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Showing 1 - 8 of 8 results.

OSU helps watershed councils make plans that hold water

In a growing number of places throughout Oregon, watershed councils provide a forum for neighbors to plan a shared future for a shared place defined by the water that runs past their homes.

Peg Herring | Mar 28, 2003 | News Story

Spikeweed

Can spraying this weed at the right time keep it out of our fields?

Mary Corp | Oct 2018 | Article

Fewer weeds equals more quality forage

Weeds can lower the quality and quantity of forage in a pasture or hayfield. In general, weeds have lower protein and energy than improved, cool season perennial and annual forages under good grazing management. The palatability...

Shelby Filley | Sep 2012 | Article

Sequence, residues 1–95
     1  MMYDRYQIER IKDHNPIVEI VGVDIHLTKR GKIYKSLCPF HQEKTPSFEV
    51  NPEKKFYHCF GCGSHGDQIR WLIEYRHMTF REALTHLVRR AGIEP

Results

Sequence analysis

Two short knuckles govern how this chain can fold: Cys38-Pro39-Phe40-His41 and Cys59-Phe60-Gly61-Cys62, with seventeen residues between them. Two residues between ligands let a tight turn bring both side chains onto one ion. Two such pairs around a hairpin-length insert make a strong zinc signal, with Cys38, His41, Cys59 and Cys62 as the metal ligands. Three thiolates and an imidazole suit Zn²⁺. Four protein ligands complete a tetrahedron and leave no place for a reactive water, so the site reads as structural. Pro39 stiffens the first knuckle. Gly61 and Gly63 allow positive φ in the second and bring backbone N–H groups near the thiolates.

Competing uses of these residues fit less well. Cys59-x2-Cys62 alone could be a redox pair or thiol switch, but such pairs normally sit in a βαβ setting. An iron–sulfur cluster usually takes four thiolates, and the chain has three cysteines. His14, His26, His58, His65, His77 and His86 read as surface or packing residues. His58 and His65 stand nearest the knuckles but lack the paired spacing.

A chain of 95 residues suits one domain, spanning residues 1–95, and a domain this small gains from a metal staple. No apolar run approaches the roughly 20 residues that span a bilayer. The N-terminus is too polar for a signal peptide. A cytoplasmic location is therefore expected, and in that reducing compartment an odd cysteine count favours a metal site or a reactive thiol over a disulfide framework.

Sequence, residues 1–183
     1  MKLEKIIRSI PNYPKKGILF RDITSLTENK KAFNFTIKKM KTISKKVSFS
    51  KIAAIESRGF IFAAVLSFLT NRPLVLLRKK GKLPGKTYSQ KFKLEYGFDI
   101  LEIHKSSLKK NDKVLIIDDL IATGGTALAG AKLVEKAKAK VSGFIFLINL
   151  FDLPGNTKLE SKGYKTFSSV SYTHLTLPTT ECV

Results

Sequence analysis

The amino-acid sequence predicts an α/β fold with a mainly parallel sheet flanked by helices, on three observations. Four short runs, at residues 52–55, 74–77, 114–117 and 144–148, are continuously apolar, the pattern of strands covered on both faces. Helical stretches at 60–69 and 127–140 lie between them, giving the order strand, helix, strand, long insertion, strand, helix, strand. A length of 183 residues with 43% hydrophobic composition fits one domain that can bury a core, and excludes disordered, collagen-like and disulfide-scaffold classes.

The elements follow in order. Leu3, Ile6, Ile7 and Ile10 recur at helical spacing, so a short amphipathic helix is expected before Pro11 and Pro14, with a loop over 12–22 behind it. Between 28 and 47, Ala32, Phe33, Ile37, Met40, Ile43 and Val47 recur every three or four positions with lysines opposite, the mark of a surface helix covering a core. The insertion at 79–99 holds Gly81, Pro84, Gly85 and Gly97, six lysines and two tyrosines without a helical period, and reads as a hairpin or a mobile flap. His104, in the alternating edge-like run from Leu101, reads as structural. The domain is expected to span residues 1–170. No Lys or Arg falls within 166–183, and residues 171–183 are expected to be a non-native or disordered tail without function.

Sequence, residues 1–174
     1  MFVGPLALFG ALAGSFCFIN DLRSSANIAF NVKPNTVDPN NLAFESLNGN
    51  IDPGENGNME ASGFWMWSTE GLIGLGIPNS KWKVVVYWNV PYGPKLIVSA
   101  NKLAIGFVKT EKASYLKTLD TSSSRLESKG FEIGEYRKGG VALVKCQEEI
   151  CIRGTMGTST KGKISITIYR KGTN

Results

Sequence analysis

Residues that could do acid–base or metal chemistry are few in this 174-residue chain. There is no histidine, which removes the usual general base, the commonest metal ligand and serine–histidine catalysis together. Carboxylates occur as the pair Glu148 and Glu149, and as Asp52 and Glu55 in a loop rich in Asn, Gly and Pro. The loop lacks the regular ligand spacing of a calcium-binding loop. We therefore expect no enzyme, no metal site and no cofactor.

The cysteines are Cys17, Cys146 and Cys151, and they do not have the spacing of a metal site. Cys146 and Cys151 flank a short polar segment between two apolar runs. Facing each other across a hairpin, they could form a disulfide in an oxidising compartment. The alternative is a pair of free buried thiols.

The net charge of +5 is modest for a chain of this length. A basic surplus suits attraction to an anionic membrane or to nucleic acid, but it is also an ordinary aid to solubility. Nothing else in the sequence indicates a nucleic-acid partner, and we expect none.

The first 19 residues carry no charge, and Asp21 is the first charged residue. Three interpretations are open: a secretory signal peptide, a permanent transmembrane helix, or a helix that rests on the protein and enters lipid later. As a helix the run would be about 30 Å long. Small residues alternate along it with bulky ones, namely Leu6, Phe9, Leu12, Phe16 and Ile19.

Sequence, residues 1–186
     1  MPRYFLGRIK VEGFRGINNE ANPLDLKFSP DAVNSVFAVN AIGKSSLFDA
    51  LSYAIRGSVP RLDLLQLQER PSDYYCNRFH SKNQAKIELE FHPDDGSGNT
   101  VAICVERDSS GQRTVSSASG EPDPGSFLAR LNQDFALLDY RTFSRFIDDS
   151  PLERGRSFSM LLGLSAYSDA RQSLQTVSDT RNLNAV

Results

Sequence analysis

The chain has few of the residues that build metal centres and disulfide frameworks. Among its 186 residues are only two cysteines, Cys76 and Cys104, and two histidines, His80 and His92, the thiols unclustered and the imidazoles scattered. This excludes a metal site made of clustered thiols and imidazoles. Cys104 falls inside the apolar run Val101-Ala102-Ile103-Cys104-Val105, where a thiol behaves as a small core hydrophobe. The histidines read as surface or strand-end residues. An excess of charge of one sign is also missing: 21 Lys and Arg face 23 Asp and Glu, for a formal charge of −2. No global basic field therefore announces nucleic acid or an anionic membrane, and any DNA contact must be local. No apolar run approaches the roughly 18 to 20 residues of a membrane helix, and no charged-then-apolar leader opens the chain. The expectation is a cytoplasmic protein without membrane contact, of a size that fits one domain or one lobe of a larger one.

Velvetleaf-Have You Seen This Weed?

This small plant causes extensive crop loss. Is it still missing?

Mary Corp | Oct 2018 | Article

Blueberry bacterial and fungal diseases

Pacific Northwest blueberry growers must identify and control a number of bacterial and fungal diseases in order to ensure the highest yields. Fortunately, only a few of the diseases that occur on highbush blueberry in this region cause significant losses when left unchecked.

Jay Pscheidt, Jerry Weiland | Mar 2015 | Article

Your garden, our shared watershed

Learn how to make a difference for your watershed.

Jul 2018 | Article

Poison hemlock and Western waterhemlock: deadly plants that may be growing in your pasture

Poisonous plants are a major cause of economic loss to the livestock industry. Two poisonous plants common to Oregon are poison hemlock and Western water hemlock. Ingestion of either by humans or livestock typically results in death.

Scott Duggan | Jun 2018 | Article

Field Bindweed Control in Wheat: Fallow Rotations

Weed scientist, Daniel A. Ball of OSU, talks about the best way to rid fields of this noxious weed.

Daniel Ball | Oct 2001 | Article